What worked well 20 years ago in ERM is no longer good enough to keep you on top. (Second in a series of 4 articles)
We find most ERM vendors promoting out-of-date software techniques from the 1990s, supported by that subject matter expert, the IT consultant. Risk managers must lift their game or risk seeing ERM consigned to the trash heap of management fads.
Join me Thurs 19-Sept for the third of three short talks on effective ERM approaches that are backed by real-world examples. More »
Enterprise risk management is probably a company's best tool for innovation, agility and growth. But few people know that, unless they are directly involved in risk management and compliance.
Managing vs avoiding risk
This is because risk managers too often are risk avoiders. Managing and avoiding are not the same thing, and there's a propensity for risk-adverse people to rise to management positions in risk management. And just as an over-protective parent can inhibit a child’s potential, risk managers with a low appetite for risk are failing the whole field of risk management. (It has become so bad that I was asked recently how risk management could be proactive, as if there were an incongruity in the statement!)
Weak ERM actually constricts organisations
Because of this timidity, we find most ERM vendors promoting out-of-date software techniques from the 1990s, supported by that subject matter expert, the IT consultant. Line risk managers are being provided with the appearance of doing something, which is unfortunately constricting their organisations and therefore dooming their own futures to career obscurity.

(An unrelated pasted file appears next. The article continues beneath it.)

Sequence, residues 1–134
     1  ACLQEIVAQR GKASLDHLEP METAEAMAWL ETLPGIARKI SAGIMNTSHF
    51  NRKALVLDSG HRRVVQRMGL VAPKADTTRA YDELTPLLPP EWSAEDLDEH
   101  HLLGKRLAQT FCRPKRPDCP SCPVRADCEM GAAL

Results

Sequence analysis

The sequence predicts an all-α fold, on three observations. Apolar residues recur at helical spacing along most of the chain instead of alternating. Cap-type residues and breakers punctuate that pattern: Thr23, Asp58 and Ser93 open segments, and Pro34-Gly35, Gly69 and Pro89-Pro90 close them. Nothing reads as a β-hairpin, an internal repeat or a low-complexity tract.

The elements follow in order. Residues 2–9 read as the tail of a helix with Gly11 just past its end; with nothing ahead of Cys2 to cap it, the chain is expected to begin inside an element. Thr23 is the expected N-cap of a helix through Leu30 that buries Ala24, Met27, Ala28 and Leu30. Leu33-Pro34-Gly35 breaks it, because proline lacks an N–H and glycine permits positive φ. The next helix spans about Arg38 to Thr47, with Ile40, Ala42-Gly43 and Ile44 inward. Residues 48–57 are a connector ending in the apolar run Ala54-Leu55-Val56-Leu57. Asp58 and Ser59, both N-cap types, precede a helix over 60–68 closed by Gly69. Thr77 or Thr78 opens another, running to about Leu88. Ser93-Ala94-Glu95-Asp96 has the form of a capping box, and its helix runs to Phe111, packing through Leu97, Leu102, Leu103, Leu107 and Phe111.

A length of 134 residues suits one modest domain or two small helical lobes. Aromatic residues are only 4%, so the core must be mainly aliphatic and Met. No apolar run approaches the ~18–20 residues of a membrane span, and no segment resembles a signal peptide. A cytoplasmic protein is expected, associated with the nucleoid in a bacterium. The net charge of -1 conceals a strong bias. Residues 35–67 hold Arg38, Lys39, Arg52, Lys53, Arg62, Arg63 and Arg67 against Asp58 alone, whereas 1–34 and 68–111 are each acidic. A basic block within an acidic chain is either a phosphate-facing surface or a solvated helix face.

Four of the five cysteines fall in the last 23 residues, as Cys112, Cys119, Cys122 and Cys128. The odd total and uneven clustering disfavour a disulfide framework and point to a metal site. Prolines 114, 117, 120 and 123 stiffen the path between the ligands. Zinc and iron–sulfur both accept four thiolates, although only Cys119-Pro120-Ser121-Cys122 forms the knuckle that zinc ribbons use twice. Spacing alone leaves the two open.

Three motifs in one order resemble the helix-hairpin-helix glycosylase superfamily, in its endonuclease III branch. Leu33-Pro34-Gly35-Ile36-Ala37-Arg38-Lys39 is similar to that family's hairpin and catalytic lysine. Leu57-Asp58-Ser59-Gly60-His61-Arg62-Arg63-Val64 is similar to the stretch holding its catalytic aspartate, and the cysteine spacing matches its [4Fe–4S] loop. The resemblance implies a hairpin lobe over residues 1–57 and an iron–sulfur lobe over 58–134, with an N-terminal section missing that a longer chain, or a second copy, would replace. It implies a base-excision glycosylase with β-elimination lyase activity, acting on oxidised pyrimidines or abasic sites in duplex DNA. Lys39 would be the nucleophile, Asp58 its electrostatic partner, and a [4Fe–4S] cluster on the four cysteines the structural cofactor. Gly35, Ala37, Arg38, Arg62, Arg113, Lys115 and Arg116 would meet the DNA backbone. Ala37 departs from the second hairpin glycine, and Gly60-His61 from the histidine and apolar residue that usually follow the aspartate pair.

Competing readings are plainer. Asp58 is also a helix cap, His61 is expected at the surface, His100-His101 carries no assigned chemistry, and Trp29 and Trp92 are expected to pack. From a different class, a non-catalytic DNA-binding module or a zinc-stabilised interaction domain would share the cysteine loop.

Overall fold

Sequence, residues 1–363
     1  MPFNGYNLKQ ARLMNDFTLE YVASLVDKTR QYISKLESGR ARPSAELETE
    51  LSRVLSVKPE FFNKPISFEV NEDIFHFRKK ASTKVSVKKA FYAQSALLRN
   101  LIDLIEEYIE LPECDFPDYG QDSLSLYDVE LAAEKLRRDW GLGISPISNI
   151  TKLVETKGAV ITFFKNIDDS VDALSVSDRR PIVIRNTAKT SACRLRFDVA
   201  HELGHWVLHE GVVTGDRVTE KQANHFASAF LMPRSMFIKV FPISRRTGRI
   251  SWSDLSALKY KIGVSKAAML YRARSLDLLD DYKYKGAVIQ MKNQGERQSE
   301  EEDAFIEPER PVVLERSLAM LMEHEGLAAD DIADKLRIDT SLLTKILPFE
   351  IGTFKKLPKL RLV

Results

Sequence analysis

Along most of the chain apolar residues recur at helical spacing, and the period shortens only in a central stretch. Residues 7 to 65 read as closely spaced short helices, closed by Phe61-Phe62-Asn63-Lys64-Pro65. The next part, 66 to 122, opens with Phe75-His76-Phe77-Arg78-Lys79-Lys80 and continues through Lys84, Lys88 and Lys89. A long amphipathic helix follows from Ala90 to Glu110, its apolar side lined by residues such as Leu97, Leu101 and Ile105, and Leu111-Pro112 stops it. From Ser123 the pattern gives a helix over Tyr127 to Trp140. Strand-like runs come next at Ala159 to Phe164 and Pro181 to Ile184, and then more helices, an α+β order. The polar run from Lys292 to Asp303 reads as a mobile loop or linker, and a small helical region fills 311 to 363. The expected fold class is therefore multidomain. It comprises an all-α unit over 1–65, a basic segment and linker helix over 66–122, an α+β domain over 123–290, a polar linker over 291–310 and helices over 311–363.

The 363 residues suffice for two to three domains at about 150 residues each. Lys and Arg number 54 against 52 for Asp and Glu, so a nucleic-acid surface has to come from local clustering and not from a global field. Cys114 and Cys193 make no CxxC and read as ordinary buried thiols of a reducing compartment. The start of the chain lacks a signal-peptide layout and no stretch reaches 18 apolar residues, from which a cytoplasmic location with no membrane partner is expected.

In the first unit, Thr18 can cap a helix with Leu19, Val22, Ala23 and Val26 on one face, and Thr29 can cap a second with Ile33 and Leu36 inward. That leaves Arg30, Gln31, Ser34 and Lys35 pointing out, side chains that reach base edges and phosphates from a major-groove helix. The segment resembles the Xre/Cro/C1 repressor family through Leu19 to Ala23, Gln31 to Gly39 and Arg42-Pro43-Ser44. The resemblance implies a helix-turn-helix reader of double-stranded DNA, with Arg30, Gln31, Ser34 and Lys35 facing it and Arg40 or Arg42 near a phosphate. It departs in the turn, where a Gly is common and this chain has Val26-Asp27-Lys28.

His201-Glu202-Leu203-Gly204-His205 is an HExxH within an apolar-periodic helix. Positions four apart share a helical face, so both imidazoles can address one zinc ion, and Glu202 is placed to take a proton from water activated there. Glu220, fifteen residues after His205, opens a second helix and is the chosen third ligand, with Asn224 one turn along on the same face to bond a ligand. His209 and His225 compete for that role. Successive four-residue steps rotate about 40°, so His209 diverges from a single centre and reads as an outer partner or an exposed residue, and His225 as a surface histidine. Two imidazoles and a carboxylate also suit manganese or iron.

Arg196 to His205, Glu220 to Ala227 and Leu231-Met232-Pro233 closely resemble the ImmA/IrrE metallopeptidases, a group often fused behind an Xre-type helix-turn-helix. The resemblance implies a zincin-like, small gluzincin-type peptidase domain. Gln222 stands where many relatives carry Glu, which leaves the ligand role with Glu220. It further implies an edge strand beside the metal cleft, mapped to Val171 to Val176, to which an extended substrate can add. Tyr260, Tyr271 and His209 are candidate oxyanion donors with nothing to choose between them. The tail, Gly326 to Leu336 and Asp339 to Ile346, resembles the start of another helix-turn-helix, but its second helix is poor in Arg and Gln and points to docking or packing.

So risk managers must lift their game or risk seeing ERM consigned to the trash heap of management fads.
Welcome to the 21st century
So let’s examine what 21st century enterprise risk management should look like. We start with three key findings in the insightful 2013 research report “Operational Risk Modelling Frameworks” from actuarial and consulting firm Milliman:
- Operational risk is one of the major causes of organisational failure and destruction of shareholder value
- Basic indicators and standard formula are ultimately a very blunt model
- Structural or causal-based models are the leading emerging best practice in the field
The first point is a given, but the second echoes the sentiments of the 15th annual OpRisk Europe conference held in London this year, that the risk management landscape has vastly changed over the last 10 years, and Op Risk models need to keep pace. Although Milliman politely refers to those 1990s techniques promoted by our competitors as a "very blunt" model, in 2013 it is the equivalent of using a 1990s mobile phone. As stated at OpRisk Europe, hanging onto the old models creates a false sense of security among senior management and increases the risk of not managing risk.
Structural or causal-based modelling
So what is that third point all about, the “structural or causal-based modelling” in quantifying risk? It’s basically linking operational outcomes to causal drivers that account for their complex interrelationships. This is much along the lines of Fast Track’s neural data model architecture, which allows information to flow in both directions, enabling the “robust determination of operational risk limits” that also is required in Milliman’s strategy.
The extensive Milliman report (100 pages) also covers a number of other recommendations including loss data collection, with which Fast Track can assist. But the primary take-away of both the conference and the report is the need for risk managers to move from what they were taught years ago at university to the 21st century application of risk management techniques.
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